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161 - 170 of 312 results for: all courses

HISTORY 279: Latin American Development: Economy and Society, 1800-2014 (HISTORY 379)

The newly independent nations of Latin America began the 19th century with economies roughly equal to the U.S. and Canada. What explains the economic gap that developed since 1800? Why are some Latin American nations rich and others poor and how have societies changed over time? Marxist, dependency, neoclassical, and institutionalist interpretive frameworks are explored. The effects of globalization on Latin American economic growth, autonomy, and potential for social justice are examined and debated.
Last offered: Spring 2020 | UG Reqs: GER:DB-SocSci, GER:EC-GlobalCom

HISTORY 284F: Empires, Markets and Networks: Early Modern Islamic World Between Europe and China, 1400-1900 (HISTORY 384F)

Focuses on political regimes, transregional connections, economic interactions and sociocultural formations in the early modern Islamic Afro-Eurasia. Topics include complex political-economic systems of the Ottoman, Safavid and Mughal empires and expansion of Turco-Persianate political and literary cultures across the Post-Mongolian Eurasia; experiences of various Muslim, Christian, Jewish and Hindu, as well as urban, rural and nomadic communities and networks under Islamicate political regimes; consolidation of transregional commerce and cultural exchange with the proliferation of networks of merchants, scholars and sufis; new tendencies in knowledge, individual, gender, family, social order, and religion; incorporation of the Islamic world in the global economy; Muslims in the age of revolutions; political and social reforms and consolidation of Muslim internationalism in the age of imperialism.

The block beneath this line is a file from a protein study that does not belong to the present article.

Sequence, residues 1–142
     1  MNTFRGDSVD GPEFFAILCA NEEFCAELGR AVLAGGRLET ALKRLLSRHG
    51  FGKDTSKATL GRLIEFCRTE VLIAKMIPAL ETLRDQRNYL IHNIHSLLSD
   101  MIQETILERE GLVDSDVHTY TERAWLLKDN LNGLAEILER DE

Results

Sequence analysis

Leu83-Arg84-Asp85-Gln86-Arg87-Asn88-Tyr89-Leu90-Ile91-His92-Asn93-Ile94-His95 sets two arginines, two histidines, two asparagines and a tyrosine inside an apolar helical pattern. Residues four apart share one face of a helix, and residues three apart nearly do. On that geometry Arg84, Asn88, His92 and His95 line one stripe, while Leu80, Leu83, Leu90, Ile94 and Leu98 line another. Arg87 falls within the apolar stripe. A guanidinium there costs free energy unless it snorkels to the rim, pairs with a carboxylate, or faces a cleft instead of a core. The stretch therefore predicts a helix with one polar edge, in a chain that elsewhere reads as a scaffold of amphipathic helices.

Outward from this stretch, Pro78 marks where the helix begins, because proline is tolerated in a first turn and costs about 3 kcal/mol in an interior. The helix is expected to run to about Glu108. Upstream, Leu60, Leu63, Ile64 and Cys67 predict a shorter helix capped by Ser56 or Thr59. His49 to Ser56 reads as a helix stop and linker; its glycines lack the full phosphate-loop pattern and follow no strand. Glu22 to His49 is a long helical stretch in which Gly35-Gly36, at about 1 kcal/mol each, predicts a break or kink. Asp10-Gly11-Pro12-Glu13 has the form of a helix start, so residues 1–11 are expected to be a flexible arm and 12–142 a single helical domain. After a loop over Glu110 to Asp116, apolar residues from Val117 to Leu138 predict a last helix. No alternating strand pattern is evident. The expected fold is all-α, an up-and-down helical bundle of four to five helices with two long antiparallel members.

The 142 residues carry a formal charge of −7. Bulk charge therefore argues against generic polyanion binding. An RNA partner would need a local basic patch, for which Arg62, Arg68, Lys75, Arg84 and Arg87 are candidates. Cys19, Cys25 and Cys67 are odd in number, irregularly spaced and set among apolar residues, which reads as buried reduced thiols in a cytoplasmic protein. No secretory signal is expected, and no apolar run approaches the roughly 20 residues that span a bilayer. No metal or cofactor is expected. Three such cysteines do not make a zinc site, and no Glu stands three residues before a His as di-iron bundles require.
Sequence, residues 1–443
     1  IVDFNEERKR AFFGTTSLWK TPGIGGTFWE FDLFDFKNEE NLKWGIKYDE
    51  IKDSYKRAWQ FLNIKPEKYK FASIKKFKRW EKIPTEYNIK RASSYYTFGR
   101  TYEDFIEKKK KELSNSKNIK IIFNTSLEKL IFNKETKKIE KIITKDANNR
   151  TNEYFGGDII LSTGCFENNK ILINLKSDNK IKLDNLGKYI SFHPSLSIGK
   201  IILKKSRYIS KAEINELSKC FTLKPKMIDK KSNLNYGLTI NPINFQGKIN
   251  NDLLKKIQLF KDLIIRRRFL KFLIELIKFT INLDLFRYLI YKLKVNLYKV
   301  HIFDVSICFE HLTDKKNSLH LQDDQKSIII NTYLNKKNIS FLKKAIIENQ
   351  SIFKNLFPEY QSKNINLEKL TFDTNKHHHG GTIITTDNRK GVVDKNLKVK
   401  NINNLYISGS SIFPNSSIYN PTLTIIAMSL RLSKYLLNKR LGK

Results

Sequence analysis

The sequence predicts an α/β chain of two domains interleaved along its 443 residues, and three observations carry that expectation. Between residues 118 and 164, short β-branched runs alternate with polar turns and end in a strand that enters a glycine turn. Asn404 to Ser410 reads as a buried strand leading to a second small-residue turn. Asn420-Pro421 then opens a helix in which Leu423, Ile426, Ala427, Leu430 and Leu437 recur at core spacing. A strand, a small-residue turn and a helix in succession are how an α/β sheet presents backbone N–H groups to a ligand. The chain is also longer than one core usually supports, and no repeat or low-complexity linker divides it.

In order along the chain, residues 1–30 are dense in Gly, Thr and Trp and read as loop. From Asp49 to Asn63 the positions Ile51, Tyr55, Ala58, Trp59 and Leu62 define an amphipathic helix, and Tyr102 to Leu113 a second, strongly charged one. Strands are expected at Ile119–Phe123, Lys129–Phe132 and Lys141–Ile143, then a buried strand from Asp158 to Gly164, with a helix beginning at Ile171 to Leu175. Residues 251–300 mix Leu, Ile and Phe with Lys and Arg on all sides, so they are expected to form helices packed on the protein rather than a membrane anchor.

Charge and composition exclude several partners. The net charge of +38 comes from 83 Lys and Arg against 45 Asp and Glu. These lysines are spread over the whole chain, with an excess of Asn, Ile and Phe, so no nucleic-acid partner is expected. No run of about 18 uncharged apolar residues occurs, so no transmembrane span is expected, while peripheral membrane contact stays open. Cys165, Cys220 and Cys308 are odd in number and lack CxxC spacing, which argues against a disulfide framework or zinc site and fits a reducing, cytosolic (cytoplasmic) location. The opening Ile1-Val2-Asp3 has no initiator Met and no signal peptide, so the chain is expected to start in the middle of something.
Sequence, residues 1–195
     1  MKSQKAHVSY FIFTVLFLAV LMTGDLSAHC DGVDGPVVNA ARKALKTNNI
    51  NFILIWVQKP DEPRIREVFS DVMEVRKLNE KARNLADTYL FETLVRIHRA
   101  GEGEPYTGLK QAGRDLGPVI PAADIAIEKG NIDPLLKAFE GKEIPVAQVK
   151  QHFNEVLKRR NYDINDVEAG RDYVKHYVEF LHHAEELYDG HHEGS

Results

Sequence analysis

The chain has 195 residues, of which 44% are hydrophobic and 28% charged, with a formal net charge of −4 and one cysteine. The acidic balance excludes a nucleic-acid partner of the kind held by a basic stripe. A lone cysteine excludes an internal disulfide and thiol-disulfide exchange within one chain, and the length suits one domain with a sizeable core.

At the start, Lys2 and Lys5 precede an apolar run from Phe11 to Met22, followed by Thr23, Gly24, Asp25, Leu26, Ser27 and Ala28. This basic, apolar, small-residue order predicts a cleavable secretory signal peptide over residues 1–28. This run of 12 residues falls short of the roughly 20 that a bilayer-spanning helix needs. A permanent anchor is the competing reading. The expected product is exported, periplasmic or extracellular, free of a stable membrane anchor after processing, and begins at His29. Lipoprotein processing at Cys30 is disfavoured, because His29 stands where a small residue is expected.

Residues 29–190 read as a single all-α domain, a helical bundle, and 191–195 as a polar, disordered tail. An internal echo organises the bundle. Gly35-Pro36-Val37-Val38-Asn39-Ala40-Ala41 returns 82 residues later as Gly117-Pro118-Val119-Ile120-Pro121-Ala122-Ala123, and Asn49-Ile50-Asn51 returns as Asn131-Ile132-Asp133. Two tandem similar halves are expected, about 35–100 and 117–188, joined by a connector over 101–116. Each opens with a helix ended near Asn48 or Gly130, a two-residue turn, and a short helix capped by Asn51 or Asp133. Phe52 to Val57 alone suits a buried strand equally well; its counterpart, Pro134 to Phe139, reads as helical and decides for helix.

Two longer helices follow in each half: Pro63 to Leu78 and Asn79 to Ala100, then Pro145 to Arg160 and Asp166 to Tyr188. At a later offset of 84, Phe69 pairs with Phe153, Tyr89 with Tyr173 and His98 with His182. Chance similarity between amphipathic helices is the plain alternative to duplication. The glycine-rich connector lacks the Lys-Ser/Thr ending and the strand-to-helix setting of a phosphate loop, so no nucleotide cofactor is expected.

Last offered: Autumn 2020 | UG Reqs: GER:DB-SocSci

HISTORY 292D: Japan in Asia, Asia in Japan (HISTORY 392D)

( History 292D is an undergraduate course offered for 5 units; History 392D is a graduate course offered for 4-5 units.) How Japan and Asia mutually shaped each other in the late 19th and 20th centuries. Focus is on Japanese imperialism in Asia and its postwar legacies. Topics include: pan-Asianism and orientalism; colonial modernization in Korea and Taiwan; collaboration and resistance; popular imperialism in Manchuria; total war and empire; comfort women and the politics of apology; the issue of resident Koreans; and economic and cultural integration of postwar Asia.
Terms: Win | Units: 4-5 | UG Reqs: GER:DB-SocSci, GER:EC-GlobalCom, WAY-SI
Instructors: Uchida, J. (PI)

HISTORY 293F: Chinese Politics and Society (HISTORY 393F, SOC 217B, SOC 317B)

(Doctoral students register for 317B.) This seminar examines scholarship on major political developments in the People's Republic of China during its first four decades. The topics to be explored in depth this year include the incorporation of Tibet and Xinjiang into the new Chinese nation-state during the 1950s, political violence during the Cultural Revolution in the late 1960s, and the nationwide political upheavals of 1989.
Terms: Win | Units: 3-5 | UG Reqs: GER:DB-SocSci, GER:EC-GlobalCom
Instructors: Walder, A. (PI)

HUMBIO 2B: Culture, Evolution, and Society

Introduction to the evolutionary study of human diversity, the origins of social complexity, and the field of demography. Topics will include hominid evolution, population dynamics and the demographic transition, the impact of disease on societies, social theory, and patterns and consequences of inequality. HUMBIO2B, with HUMBIO3B and HUMBIO 4B, satisfies the Writing in the Major (WIM) requirement for students in Human Biology. HUMBIO 2A and HUMBIO 2B are designed to be taken concurrently. Periodically there will be joint module lectures that address related content in the two courses. Concurrent enrollment is strongly encouraged and is necessary for majors to meet recommended declaration deadlines. Please note that Human Biology majors are required to take the Human Biology Core Courses for a letter grade.